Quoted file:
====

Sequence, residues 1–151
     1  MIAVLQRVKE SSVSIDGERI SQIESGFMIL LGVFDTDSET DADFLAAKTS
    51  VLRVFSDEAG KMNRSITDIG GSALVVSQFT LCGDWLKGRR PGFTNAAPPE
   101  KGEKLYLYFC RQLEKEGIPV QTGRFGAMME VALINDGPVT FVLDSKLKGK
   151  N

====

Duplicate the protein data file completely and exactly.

Sequence, residues 1–151
     1  MIAVLQRVKE SSVSIDGERI SQIESGFMIL LGVFDTDSET DADFLAAKTS
    51  VLRVFSDEAG KMNRSITDIG GSALVVSQFT LCGDWLKGRR PGFTNAAPPE
   101  KGEKLYLYFC RQLEKEGIPV QTGRFGAMME VALINDGPVT FVLDSKLKGK
   151  N